sad pigs

Recently, I was reading an article I came across on National Public Radio (NPR) about European Cows Vs. American Cows. Although not surprisingly, my mind was absolutely blown to see the glaring difference between the meticulous levels Europeans take to raise and sell their livestock, compared to the mass marketed standard American industrial cow produced through synthetic hormones and CAFO (Concentrated Animal Feeding Operation).

The article elaborates on one Michel Baudot, a French farmer and the process with which European livestock is raised and their beef procured. With the exception of winter, these cows are grass fed and are free to roam virtually their entire lifespan. What I found amazing was everything from where they were born, what they are fed, how much they weigh, and so forth is all recorded throughout their lives. When the final product is sold at the supermarket, the sticker on the meat package is there to tell you the respective farm the beef came from. Not only does this make it easier to track if something were to ever go wrong from a government standpoint, but also awards we the consumer the right to know where what we’re eating came from.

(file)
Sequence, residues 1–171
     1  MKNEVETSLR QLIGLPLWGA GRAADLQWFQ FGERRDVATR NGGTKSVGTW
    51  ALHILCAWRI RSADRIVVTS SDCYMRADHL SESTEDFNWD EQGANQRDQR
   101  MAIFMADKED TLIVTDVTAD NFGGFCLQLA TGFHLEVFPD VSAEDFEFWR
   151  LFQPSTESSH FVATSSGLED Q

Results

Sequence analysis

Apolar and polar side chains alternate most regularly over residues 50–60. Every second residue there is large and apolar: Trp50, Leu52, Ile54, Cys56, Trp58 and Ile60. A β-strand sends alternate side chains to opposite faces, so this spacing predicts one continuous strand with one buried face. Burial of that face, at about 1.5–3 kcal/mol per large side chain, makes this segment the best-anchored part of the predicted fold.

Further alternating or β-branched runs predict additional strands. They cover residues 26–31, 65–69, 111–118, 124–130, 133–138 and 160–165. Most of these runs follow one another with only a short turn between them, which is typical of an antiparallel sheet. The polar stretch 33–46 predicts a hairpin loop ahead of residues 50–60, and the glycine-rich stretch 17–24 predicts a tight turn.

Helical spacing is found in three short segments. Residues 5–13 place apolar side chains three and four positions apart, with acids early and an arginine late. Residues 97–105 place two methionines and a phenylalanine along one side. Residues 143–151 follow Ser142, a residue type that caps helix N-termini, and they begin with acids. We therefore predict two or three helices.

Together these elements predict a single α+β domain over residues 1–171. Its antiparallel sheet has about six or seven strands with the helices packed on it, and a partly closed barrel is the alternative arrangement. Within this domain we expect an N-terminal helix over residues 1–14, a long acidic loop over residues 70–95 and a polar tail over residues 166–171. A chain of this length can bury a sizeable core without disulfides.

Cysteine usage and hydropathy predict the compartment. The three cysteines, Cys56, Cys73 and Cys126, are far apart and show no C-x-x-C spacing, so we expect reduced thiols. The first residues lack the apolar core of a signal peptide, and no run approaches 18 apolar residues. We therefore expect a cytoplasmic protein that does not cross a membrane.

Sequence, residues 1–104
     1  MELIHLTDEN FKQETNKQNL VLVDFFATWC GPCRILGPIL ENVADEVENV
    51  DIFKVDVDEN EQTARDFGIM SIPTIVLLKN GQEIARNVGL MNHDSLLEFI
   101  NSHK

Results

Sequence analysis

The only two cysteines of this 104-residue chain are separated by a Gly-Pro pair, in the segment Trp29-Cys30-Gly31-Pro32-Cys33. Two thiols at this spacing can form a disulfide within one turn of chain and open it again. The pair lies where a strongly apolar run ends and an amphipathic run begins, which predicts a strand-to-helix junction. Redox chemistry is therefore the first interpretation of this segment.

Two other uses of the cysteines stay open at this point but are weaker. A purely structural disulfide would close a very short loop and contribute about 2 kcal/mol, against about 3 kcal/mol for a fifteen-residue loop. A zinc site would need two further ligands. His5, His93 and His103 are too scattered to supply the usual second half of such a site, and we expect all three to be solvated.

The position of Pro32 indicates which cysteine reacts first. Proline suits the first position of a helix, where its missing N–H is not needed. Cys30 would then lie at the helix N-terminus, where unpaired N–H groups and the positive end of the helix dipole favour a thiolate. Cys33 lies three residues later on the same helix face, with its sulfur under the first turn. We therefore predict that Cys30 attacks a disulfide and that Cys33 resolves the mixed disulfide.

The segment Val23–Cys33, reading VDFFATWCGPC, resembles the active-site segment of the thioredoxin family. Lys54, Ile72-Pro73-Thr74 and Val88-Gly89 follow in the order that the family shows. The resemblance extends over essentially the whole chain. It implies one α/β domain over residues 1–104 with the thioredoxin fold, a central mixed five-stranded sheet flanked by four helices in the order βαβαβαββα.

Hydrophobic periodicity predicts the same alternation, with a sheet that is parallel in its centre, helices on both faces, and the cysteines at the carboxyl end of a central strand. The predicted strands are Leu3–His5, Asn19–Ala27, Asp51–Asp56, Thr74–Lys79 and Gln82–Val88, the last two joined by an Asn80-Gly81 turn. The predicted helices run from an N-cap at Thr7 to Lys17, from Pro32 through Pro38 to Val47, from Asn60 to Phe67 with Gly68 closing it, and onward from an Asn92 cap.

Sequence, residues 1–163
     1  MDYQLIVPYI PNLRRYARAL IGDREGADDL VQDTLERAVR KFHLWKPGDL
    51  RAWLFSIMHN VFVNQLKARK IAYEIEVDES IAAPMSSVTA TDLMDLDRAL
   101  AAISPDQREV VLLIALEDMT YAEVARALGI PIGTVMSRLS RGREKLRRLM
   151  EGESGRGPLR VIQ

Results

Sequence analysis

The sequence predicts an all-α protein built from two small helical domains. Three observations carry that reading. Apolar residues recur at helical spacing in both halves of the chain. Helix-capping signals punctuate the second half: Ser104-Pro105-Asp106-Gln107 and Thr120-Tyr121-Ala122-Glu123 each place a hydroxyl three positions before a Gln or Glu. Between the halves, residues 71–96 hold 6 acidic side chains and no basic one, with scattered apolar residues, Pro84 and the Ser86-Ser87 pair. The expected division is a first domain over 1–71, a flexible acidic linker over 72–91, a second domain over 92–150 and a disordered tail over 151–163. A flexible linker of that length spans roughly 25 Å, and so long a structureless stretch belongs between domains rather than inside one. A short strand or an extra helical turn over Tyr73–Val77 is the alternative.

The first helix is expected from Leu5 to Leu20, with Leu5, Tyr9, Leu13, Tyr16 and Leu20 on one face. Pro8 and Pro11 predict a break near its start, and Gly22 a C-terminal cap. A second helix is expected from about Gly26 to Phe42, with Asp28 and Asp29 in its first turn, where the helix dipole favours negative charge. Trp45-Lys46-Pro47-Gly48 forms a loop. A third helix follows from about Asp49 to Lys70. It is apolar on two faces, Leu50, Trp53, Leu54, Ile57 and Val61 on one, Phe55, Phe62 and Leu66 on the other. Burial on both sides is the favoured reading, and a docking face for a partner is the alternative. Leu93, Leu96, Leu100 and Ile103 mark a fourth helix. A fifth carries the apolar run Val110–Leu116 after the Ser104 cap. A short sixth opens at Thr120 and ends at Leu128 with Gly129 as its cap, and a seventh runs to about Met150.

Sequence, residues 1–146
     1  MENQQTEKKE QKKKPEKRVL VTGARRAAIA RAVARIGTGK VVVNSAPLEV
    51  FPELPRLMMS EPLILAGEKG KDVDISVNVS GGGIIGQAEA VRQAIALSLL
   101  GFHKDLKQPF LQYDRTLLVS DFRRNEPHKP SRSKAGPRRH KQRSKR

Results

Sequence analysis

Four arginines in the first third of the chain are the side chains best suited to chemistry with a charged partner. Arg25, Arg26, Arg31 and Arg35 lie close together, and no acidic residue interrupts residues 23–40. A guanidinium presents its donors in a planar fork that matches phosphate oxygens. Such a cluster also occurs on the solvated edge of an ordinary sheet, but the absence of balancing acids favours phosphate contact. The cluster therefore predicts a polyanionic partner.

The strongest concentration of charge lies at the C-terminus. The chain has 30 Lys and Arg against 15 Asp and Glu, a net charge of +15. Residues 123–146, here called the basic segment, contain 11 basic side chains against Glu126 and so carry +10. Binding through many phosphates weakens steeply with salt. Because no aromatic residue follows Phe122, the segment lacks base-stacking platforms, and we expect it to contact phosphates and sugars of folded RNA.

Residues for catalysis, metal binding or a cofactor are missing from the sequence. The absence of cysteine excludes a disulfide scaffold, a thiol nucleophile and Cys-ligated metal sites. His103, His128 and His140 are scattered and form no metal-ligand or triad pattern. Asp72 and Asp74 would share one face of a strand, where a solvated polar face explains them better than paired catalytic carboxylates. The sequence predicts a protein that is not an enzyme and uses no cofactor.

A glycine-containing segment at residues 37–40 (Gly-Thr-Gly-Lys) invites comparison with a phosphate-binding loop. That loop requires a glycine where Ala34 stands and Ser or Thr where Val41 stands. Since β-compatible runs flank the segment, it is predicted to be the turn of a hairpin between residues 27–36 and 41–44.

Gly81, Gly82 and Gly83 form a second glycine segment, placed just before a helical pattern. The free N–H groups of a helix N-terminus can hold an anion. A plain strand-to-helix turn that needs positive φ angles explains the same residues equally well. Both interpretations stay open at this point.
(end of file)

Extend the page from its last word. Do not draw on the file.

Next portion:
The vast majority of American cows on the other hand, are only grass fed for the first few months following their birth. After this they are thrusted into the harsh reality of CAFOs, essentially feedlot facilities where they are penned in with sometimes up to thousands of other cows in an unhealthy environment where they are fed corn and injected synthetic hormones to optimize their production worth. It is sad that a majority of the American public is simply unaware or pays a blatant disregard to the fact that these hormones and CAFO’s are not only making the animals many times unnaturally bigger than they should be and compromising their health, but that we are also put ourselves’ at risk.

From a business perspective, I understand why American producers want to bulk up their cows: create a high volume product with limited effort and receive the cash reward. However, doing so at the expense of the overall health of our population and environment is shortsighted to say the least. I’m sure we’ve all heard the term “quantity over quality.” I’ll end the article on that note and let you decide how you want to spend your ‘cheddar’ on beef.

Google CAFO’s to get more information and check out other related articles on NPR.

http://www.npr.org/templates/story/story.php?storyId=113314725

http://www.ucsusa.org/assets/documents/food_and_agriculture/cafo_issue-briefing-low-res.pdf